Not long after schools closed because of the coronavirus last spring, a Rhode Island nonprofit launched a hotline for teachers who were struggling to launch new technology for remote leaning and trying to figure out how to teach with it. Within a few weeks, hundreds of teachers — and eventually parents, too — were flooding the line with calls for help.

The “dream team” of experts answering calls all had stellar credentials: They were teachers themselves, with training in how to deploy technology for learning and years of classroom experience.

This team of educators was part of the Fuse RI initiative, a fellowship program that teaches educators, administrators and local education agencies in the state how to integrate blended and personalized learning and technology practices into classrooms.

Five-years into the fellowship, the group’s leaders had hoped to launch a restructured model of the program that would train school leaders and teacher teams to design and implement blended and personalized learning initiatives in their in-person classrooms. They never imagined a crisis scenario in which millions of teachers would be plunged into ed tech all at once. Nevertheless, said Highlander’s chief education officer Shawn Rubin, the group “felt like there was a moment and an opportunity” to activate the 104 Fuse RI fellows spread out across the state to help make the transition to remote learning easier for other teachers.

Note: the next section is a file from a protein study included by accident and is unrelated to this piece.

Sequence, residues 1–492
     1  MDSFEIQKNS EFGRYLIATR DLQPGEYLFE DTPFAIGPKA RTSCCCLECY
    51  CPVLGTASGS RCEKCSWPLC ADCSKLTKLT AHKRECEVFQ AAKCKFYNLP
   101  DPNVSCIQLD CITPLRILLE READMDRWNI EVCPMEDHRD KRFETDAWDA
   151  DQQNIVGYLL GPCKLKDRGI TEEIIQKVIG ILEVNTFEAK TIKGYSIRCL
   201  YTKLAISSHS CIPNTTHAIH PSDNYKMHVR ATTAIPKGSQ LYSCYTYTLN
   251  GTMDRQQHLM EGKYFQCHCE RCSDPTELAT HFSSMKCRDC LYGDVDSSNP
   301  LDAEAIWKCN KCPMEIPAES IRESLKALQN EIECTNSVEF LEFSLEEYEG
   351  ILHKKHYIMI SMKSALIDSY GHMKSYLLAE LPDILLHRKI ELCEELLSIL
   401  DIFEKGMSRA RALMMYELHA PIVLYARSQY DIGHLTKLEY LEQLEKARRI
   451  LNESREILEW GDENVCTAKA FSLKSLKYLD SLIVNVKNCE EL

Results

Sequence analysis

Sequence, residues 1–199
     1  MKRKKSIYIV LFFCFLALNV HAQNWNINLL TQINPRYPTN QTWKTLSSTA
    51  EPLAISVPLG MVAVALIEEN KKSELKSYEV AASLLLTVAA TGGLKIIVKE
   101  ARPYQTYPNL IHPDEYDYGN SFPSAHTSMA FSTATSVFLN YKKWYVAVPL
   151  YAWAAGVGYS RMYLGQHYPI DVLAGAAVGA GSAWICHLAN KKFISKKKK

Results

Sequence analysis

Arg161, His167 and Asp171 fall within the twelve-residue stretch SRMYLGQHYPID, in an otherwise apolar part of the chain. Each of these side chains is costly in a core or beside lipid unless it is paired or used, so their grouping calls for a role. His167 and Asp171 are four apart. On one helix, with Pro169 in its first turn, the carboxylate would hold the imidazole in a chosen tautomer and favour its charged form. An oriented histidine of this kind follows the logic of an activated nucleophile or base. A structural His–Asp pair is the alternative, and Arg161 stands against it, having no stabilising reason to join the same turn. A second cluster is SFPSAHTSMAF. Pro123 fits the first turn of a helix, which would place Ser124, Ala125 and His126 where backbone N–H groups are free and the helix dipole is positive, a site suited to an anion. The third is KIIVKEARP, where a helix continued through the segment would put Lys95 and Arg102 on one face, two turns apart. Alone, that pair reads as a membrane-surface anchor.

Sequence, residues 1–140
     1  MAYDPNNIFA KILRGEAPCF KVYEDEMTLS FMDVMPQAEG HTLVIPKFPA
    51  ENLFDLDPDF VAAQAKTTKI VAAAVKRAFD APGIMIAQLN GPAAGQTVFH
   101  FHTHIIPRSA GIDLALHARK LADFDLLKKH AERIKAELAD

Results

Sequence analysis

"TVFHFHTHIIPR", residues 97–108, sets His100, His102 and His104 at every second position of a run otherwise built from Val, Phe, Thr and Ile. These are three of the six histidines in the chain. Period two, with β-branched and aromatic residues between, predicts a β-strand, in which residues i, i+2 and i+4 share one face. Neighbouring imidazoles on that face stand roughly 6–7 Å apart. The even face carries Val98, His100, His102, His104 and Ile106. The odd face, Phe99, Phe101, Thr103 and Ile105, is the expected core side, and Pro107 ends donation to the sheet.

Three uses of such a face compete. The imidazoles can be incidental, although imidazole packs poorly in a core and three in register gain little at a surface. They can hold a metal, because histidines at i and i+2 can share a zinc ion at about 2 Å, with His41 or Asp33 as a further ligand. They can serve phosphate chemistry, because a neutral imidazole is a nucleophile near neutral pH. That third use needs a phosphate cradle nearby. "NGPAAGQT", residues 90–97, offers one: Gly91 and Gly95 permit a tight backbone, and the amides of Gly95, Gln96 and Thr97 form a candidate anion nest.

Rubin said the resulting School Support Helpline “would allow any teacher that wasn’t getting the support they needed from their home district or school an opportunity to phone in and talk directly with a fellow who is explicitly trained to be very confident in both the technology and the pedagogy, but also very competent in coaching and supporting teachers who are brand new to this work.”

Read the full article about the remote learning hotline by Javeria Salman at The Hechinger Report.